We spent long hours in theatre and were able to do 130 surgeries in five days. The team from Swaziland was very well organized for this mammoth task and it worked like a well-oiled machine! We thank them for their hard work and commitment and financial and other contributions!
I’d like to mention a few highlights: Teresa* (age 34) had become blind due to cataracts some time ago. As a result, her husband left her even though she was pregnant. Her 9 year old son had to do many of the chores and even tried to do some jobs to earn a little bit of money. Life was very difficult for them. After her daughter was born she had to take care of her without being able to see and so a community worker brought her to the hospital. The morning after the surgery there was quite a commotion among the patients and spectators when for the first time this young mother was able to see her little baby who was then already about four months old. It’s easy to imagine what a difference the outreach made in the life of this little family.
One of the patients who came for screening was Paolo*, a boy of 10 years old who had a cataract in his left eye. The hospital made an anaesthetist available so that Dr Pons could operate. Children of this age cannot have surgery under local anaesthetic and on other outreaches we have to send them away. We were very happy that we could help him and the next morning he was overjoyed when he could see.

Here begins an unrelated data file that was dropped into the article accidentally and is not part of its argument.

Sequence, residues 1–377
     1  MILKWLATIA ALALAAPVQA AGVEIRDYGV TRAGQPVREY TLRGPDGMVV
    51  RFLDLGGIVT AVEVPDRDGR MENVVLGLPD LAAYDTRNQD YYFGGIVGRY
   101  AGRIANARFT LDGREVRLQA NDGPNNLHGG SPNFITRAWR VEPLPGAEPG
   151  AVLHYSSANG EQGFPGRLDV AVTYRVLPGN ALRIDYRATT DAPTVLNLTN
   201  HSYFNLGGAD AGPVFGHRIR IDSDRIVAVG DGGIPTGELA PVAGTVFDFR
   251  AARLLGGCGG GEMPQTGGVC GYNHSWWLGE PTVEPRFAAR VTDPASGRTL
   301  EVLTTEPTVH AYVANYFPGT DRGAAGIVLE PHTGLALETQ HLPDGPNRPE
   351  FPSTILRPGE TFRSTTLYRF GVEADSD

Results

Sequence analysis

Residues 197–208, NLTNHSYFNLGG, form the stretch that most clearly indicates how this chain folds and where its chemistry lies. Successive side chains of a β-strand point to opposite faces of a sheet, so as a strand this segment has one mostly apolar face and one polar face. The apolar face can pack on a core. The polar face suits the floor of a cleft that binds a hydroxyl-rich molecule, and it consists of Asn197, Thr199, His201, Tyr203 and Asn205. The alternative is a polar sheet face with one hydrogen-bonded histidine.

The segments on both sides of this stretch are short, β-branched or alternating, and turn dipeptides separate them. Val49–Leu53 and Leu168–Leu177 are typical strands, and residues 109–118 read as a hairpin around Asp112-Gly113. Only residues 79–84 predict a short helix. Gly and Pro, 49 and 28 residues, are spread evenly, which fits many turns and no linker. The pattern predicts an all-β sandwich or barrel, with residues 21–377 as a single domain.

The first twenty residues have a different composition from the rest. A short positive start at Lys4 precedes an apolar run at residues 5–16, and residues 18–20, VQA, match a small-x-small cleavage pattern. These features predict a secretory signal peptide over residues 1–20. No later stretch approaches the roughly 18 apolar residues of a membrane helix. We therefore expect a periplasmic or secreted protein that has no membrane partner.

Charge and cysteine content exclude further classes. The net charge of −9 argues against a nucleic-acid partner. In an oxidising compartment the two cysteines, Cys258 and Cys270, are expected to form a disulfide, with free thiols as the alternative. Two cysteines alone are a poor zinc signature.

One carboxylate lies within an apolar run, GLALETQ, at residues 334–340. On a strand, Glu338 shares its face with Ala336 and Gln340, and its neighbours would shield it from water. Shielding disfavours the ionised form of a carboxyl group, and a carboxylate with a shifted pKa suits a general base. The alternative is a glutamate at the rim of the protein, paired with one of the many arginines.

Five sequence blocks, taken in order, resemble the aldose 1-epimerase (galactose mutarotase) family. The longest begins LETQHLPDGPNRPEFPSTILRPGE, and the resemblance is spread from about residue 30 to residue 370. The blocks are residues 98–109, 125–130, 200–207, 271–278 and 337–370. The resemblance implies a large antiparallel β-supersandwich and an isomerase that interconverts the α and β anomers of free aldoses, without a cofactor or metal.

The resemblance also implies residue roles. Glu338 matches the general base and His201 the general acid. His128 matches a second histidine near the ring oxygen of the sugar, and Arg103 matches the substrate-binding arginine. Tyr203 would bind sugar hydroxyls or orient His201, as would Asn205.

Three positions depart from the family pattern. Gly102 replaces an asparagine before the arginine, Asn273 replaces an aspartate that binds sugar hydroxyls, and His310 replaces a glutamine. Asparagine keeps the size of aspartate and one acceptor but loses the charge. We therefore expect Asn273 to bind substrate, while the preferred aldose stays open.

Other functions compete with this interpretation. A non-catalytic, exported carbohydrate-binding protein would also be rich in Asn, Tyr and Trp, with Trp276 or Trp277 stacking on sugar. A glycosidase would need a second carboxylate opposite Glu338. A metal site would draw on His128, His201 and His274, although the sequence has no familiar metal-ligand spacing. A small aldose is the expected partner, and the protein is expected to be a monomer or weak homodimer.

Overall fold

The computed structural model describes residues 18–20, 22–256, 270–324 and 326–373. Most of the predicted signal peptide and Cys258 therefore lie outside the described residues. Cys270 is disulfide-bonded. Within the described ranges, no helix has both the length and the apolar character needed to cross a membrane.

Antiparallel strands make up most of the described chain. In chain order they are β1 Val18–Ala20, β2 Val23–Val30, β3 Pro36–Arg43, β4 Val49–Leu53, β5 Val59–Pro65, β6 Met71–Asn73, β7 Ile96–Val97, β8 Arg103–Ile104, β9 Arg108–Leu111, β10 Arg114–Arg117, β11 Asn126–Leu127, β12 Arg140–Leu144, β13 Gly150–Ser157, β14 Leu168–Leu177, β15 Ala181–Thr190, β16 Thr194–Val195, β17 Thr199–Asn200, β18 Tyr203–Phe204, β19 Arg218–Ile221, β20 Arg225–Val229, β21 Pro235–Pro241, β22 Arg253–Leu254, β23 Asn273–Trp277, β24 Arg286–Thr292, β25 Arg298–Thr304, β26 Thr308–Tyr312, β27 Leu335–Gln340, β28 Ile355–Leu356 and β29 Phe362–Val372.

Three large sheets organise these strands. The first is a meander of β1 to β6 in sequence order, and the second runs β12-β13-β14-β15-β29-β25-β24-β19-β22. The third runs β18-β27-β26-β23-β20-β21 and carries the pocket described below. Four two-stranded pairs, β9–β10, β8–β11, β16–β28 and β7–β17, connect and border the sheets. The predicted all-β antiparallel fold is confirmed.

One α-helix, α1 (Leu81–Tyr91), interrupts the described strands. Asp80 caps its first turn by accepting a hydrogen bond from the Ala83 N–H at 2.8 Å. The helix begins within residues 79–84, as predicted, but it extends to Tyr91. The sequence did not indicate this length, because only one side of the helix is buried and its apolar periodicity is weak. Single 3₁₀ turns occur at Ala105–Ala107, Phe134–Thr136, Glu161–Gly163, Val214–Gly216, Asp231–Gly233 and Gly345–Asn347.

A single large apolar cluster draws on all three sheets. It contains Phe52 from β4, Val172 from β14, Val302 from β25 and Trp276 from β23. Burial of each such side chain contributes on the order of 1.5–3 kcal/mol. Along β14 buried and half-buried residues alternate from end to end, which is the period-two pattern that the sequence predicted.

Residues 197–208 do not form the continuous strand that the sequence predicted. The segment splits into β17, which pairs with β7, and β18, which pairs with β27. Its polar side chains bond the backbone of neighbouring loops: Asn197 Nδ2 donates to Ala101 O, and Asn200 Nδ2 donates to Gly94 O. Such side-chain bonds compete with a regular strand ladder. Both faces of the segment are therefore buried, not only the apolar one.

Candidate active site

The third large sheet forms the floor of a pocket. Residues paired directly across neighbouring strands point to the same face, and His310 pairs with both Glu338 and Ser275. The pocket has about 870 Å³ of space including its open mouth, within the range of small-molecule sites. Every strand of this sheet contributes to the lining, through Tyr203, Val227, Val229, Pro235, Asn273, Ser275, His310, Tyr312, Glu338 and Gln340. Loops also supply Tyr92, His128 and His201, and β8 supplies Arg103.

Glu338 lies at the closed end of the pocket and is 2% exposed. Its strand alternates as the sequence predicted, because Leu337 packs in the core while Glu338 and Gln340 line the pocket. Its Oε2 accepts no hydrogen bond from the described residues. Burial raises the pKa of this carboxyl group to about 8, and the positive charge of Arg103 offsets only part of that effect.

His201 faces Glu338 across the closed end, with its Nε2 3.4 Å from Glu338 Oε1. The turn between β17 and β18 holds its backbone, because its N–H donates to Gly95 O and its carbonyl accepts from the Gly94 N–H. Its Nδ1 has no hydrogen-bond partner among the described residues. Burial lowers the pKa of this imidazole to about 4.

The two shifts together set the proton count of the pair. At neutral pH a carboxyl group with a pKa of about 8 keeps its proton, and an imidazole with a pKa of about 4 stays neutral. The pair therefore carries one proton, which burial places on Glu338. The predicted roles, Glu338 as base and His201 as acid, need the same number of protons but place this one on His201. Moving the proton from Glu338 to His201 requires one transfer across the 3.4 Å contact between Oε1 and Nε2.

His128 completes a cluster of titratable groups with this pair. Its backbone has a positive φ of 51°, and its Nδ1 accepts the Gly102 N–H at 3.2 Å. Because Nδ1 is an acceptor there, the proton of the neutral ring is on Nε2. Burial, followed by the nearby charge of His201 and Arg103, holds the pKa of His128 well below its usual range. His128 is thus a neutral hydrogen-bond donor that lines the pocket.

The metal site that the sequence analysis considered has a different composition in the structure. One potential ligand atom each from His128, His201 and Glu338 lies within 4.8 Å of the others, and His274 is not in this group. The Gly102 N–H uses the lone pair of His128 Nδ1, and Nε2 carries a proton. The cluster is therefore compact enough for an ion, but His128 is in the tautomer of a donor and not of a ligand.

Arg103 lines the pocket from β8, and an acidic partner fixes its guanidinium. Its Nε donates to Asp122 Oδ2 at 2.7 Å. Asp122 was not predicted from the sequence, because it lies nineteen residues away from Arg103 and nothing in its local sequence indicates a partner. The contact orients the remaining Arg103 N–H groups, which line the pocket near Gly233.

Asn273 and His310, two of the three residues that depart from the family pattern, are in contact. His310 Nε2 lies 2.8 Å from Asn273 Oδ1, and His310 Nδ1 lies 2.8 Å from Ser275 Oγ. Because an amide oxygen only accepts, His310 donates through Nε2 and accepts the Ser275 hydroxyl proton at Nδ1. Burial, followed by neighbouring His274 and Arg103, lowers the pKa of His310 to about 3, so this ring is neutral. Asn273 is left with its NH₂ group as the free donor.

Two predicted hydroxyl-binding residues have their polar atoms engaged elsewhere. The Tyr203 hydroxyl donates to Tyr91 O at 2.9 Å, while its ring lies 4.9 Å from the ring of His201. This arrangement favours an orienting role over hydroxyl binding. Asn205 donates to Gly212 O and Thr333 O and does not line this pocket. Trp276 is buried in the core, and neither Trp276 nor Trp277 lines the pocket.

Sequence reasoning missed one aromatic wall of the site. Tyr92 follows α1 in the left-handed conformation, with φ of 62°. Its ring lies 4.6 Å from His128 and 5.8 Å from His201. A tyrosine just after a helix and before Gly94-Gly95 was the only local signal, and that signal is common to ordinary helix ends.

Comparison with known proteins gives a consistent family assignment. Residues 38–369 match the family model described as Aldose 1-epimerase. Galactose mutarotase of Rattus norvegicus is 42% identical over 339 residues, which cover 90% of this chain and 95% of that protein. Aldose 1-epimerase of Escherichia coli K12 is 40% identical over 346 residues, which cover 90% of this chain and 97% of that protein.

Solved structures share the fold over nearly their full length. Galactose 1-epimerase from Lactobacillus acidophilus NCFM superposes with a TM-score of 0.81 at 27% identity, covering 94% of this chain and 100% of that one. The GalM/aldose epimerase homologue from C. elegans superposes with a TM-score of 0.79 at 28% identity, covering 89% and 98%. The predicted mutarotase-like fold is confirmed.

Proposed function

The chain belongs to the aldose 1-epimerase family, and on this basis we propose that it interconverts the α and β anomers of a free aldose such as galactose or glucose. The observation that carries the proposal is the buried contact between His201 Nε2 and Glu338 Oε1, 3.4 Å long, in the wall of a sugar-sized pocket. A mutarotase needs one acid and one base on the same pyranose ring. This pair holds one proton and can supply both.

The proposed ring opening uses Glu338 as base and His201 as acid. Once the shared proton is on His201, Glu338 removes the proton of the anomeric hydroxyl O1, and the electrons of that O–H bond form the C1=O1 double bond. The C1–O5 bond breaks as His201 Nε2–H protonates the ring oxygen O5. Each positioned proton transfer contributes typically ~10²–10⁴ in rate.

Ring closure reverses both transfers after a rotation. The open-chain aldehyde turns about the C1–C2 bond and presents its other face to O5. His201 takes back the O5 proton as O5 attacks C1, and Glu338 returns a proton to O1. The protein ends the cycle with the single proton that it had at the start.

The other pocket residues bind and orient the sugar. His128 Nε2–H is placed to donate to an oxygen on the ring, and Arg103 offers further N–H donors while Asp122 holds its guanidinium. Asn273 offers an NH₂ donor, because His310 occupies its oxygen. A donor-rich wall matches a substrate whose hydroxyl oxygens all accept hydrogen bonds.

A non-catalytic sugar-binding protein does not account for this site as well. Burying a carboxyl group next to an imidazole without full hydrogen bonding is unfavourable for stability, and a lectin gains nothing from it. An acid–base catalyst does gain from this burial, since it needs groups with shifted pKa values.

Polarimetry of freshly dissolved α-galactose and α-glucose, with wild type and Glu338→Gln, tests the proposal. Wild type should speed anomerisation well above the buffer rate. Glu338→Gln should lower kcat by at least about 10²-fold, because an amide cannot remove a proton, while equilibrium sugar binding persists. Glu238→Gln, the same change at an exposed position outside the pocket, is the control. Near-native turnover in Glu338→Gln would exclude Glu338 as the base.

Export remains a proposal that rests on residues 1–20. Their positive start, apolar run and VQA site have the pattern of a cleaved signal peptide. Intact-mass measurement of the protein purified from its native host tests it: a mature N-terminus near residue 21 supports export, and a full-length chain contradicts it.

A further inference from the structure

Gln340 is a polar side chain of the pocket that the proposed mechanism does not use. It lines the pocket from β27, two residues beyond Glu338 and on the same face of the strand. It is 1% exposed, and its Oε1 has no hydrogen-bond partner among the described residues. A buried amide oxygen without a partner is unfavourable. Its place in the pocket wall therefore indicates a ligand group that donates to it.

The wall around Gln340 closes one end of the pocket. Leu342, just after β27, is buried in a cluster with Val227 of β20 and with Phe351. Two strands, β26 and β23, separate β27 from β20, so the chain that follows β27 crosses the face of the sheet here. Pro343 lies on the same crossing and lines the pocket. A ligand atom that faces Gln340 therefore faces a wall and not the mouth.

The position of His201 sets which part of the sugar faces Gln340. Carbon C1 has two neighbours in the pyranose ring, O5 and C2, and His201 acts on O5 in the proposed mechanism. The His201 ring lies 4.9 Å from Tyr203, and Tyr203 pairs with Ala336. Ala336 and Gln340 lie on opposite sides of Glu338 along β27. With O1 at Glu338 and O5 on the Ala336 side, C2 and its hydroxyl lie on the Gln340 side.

Another highlight for the team was our accommodation and we want to express our heartfelt thanks to the people who made it available to us.
Much more could be said but space is limited. We thank God that we could do the work and that the gospel was preached. We pray His blessing on both.
* Names changed for privacy reasons.

Aid to Africa, Personal Testimony

by Miss Mirjam Rüttimann
During the weekend of the 28th to the 30th of July 2017 I was on duty at the maternity ward of the DFL clinic in Zavora and was called to the ward for a delivery. During this time Dr. Deborah and a friend of hers, Rebecca from Germany, were visiting us. They had told me to call them if there were labour cases and so I called them that evening.
While we were busy preparing for the delivery another lady arrived. We only have one bed for deliveries so I put her into the maternity ward. When I checked how far she was with the labour I realized that the baby was laying feet first and this by full cervical dilatation! That’s a fearful diagnosis if one is out in the bush because it means that the lady needs a caesarean immediately. The chances that the baby would survive labour with feet first was not very high. I decided to immediately transfer her to the hospital in Inharrime but as we were preparing the transfer she started to push and the next moment the baby’s legs were out. So we had no chance to transfer her to the hospital and I could just pray that the child would survive the labour. I took the child by the legs and the next moment the child was born. The baby was crying and everything was fine.
Then as we were waiting for the placenta we noticed that something was wrong. I checked again and found that there was another baby coming. It was twins!! I have never had a twin labour in my life, only through a caesarean. Everything went so well that we only can thank God! He is the best doctor and with Him everything is possible.]]>

Malawi Medical Outreaches 2017

Petro Yasita is the chief of 12 small villages and was completely blind before he had cataract surgery. His smile speaks for itself…